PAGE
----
The details of the method of assaying followed in each laboratory are briefly summarized in Table 1.


The amount of gold absorbed at the laboratories No. 1, 2 and 3 varies widely, but shows a considerable agreement amongst themselves. Laboratory No. 4 shows very large and widely varying absorptions of gold, while the absorptions at laboratory No. 5 are very small and agree very closely. These results are shown in Table 2.


The amount of silver absorbed by the cupels shows an astonishing variation and for the present simply the highest and lowest amounts in each set are given, in Table 3.

This set of cupel assays was made for the purpose of getting a general preliminary view of the field. The 270 cupels may be taken as typical


of the general practice of cupel making in the Mint service at that time. Each one had been taken from a lot that had passed all the usual visual-examination and other tests. Each one had successfully passed the test of actual use, and was therefore entitled to be called a good cupel. Consequently, the determination of the amount of gold absorbed by each cupel should give a set of typical figures.

It was fully appreciated that the cupel absorption was influenced by a variety of circumstances and that some differences could naturally be looked for, but such wide variations as the table shows were entirely unexpected. It is possible, but hardly probable, that some of the cupels contained beads. Certainly the presence of beads could not account for the variations.

The next step in the investigation was to gather a set of samples of bone ash from the various laboratories and subject them to a screen analysis. As in the case of the cupels, these samples may be taken as typical, as they present five varieties of bone ash that had been accepted by five institutions as suitable for making cupels and had been used for that purpose. It would have been better if we could have tested the actual bone ash used in making the cupels assayed, but it was then too late for that and these screen analyses simply give a general idea of the practice at each laboratory.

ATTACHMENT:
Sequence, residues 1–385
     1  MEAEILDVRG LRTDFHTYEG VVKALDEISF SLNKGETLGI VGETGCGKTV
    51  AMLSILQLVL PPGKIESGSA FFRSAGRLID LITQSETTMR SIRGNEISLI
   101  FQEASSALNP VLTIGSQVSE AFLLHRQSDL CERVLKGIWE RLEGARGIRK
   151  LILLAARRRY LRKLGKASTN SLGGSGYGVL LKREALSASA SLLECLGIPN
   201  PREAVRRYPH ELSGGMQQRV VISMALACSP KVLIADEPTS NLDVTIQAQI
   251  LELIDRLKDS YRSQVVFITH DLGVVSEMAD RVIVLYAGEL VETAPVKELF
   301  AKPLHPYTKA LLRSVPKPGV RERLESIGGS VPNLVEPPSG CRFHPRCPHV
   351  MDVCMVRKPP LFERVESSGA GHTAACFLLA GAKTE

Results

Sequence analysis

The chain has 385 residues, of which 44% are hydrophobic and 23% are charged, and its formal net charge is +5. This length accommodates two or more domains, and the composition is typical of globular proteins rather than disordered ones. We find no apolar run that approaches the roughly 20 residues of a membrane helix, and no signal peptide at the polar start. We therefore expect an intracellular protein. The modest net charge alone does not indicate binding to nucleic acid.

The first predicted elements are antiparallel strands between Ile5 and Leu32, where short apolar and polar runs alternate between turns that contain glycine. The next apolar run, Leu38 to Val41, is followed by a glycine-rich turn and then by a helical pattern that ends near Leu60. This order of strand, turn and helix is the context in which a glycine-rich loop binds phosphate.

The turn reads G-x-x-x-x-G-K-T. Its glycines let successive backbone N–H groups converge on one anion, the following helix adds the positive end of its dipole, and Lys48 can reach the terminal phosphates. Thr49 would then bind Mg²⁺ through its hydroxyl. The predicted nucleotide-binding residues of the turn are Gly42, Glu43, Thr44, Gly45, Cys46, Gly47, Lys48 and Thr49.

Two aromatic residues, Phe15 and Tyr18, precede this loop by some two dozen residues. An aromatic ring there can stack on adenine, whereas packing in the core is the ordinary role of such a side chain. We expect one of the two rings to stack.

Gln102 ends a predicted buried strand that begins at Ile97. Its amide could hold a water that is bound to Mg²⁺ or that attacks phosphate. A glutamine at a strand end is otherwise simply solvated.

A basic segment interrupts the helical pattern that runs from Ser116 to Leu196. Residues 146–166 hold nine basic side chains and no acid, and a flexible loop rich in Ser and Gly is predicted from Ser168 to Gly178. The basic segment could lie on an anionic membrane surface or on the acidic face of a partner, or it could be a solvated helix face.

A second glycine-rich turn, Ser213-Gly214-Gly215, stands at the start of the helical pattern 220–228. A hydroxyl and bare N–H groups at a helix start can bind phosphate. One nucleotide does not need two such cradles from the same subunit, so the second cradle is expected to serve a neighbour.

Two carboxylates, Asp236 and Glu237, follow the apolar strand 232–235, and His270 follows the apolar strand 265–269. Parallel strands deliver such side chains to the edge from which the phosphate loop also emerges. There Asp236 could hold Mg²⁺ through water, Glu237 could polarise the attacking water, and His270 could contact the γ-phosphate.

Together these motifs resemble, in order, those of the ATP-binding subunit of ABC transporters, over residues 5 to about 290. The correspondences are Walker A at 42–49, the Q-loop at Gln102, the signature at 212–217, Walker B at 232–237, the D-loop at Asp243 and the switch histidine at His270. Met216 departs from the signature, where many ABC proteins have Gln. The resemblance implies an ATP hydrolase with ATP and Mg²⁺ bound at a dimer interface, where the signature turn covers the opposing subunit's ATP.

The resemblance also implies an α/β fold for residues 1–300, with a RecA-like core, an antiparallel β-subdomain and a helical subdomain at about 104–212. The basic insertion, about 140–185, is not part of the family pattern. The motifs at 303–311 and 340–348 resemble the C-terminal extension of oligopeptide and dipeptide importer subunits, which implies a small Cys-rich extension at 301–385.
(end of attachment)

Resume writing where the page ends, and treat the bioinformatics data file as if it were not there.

Table 4 gives these screen analyses, together with the screen analysis of the bone ash at that time in use in the Bureau laboratory. This ash


had been obtained from laboratory No. 1. It is therefore shown that considerable variation might occur in the screen analysis of the ash as used at a single laboratory at different times.

In making screen analyses of bone ash, it is absolutely essential that the samples be thoroughly dry. This requires prolonged exposure to a gentle heat, preferably a little above 100° C.

In order to further test the question, this table of screen analyses was submitted to the five laboratories without specifying the sources of the bone ash or informing them of the results of assaying the cupels, and each one was asked to select the best ash in their judgment for making cupels. Laboratory No. 1 declined to commit itself; No. 2 selected ash No. 4 which had given the worst results in the assay tests; No. 4 selected ash No. 1, and Nos. 3 and 5 selected both No. 3 and No. 5 ash.

Each laboratory supplied a full and complete description of its methods of securing what was considered a proper bone ash and of manufacturing the cupels. The tests applied to the bone ash had been crude and empirical. One assayer said: “The best test we can make with new ash is the practical working, that is making a large number of assays (proofs), making a careful examination of the cupels and of the resulting assays.” Another said: “The tests applied to the bone ash when purchasing have been simply to specify the grade, and when it has been received to see that it is clean, being free from dirt, and passing it through the hand to see if it feels all right, and if it will make a firm smooth cupel. The cupels after drying are tried out in the muffle to see if they absorb the lead and do not check or crack, and if they hold up the bone ash is accepted.” A third assayer sifted the ash through 60-mesh and if more than 4 per cent, remained rejected the sample. A fourth assayer said: “I apply no special tests to bone ash beyond inspecting and handling it. If it does not make a satisfactory cupel I reject it.”